PITTSBURGH MADE: Monkey Shines (1988)

When Monkey Shines came out on video, I was probably 16 and had watched Dawn of the Dead hundreds of times. I was also an edgelord kid who hated everything and didn’t like this at all. I didn’t understand that directors can change and grow. I just wanted more gore.

Based on the book by Michael Stewart, this was director and writer George Romero’s first major studio feature and had — for him — a big budget of $7 million. Shooting in Pittsburgh — Carnegie Mellon and Murrysville are two of the locations — in the late summer and early fall of 1987, this had a long post-production and editing process as Romero shot more film than he ever had before, plus had to learn to work with live monkeys.

That said, there are also four Tom Savini-designed puppets. If you guessed that Frank Welker does her voice, you are correct.

After athletic law student Allan Mann (Jason Beghe) is hit by a truck, he loses control of his arms and legs and must learn to live in a wheelchair controlled by sips and puffs, which is nearly all he can do. His friend Geoffrey (John Pankow) suggests that he get a helper monkey and specialist Melanie Parker (Kate McNeil) helps him by getting Ella trained in working with him. It lifts his spirits and he finds himself growing close to Melanie.

The secret is that Geoffrey has been experimenting on these monkeys and is close to losing funding if he doesn’t get results. He has injected Ella with a special drug that boosts her intelligence. What he doesn’t know is that it causes her to share emotions with Allan, first him feeling her ability to run through the grass in his dreams, then killing a bird that drives him crazy and even setting the home of the surgeon who may have screwed up his operation — and now lives with his ex-girlfriend — on fire and killing the man and his lost lover.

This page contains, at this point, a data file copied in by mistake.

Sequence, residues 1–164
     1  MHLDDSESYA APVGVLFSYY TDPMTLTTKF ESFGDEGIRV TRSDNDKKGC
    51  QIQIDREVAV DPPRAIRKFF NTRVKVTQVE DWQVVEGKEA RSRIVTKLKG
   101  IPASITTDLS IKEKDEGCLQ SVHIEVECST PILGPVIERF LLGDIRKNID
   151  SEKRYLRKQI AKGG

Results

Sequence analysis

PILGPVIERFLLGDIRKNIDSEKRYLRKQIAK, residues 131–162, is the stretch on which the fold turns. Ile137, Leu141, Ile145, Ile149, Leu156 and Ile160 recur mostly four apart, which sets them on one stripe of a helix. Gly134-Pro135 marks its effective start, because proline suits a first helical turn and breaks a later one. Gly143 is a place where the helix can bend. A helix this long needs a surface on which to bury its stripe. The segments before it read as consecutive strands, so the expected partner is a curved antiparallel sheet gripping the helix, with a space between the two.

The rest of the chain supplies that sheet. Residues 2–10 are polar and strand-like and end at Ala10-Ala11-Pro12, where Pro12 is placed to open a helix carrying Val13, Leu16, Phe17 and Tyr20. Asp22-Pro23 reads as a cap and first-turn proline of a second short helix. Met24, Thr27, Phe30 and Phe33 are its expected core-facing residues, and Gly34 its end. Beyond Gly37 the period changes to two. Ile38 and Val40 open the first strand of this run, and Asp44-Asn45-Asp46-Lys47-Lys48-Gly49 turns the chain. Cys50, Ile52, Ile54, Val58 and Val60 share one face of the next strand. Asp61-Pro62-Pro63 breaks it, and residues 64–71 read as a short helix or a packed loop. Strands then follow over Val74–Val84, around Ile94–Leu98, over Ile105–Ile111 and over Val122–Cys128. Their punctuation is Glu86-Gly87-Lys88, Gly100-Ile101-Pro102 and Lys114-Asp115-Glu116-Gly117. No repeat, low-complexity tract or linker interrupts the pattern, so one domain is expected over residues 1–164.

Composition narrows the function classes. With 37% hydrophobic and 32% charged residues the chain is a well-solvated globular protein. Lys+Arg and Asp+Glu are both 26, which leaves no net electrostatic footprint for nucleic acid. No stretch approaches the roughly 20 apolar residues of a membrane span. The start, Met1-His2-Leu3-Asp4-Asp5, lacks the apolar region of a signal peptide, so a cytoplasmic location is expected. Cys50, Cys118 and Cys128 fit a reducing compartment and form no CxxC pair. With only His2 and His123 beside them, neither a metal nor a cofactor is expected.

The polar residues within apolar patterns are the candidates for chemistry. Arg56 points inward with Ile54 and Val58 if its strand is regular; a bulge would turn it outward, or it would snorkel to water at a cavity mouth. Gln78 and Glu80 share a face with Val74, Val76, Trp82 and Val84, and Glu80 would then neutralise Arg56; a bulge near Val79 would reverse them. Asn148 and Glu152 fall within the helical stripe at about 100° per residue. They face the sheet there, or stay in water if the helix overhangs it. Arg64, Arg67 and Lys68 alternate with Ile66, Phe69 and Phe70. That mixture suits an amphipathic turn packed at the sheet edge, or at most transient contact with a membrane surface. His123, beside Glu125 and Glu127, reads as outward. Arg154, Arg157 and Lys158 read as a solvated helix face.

Now the rage that goes through both of them begins to feed on itself and everyone in their way pays, even if Allan doesn’t want it to happen. While this has a studio-demanded happy ending — spoiler warning, he crushes the monkey with his wheelchair which doesn’t seem all that happy — Romero filmed a different way to close this, as Geoffrey’s boss Dean Harold Burbage (Stephen Root) steals the remaining drugs and injects them into all of the test monkeys. After Allan regains his ability, Burbage is assaulted by animal rights protesters who had earlier attacked Geoffrey for experimenting on monkeys. When he returns to his lab, we learn that the monkeys have completely taken him over.

Romero said of the ending, “I thought my ending played well, but I’d admit that the testing results were overwhelmingly in favor of the current version. To Orion’s credit, they said —  it’s up to you, we’ll release it either way. So I decided to go along and not fight it. But I’ll always miss it.”

I may like this more than I did when I first saw it, but it remains the first film where I noticed that I wouldn’t necessarily love every movie by every director, even George Romero. Supposedly, he had to cut half of what he shot to hit the right length of the film, but even still, it feels like there is both too much going on and too little of a story at the same time, which I realize is a juxtaposition.

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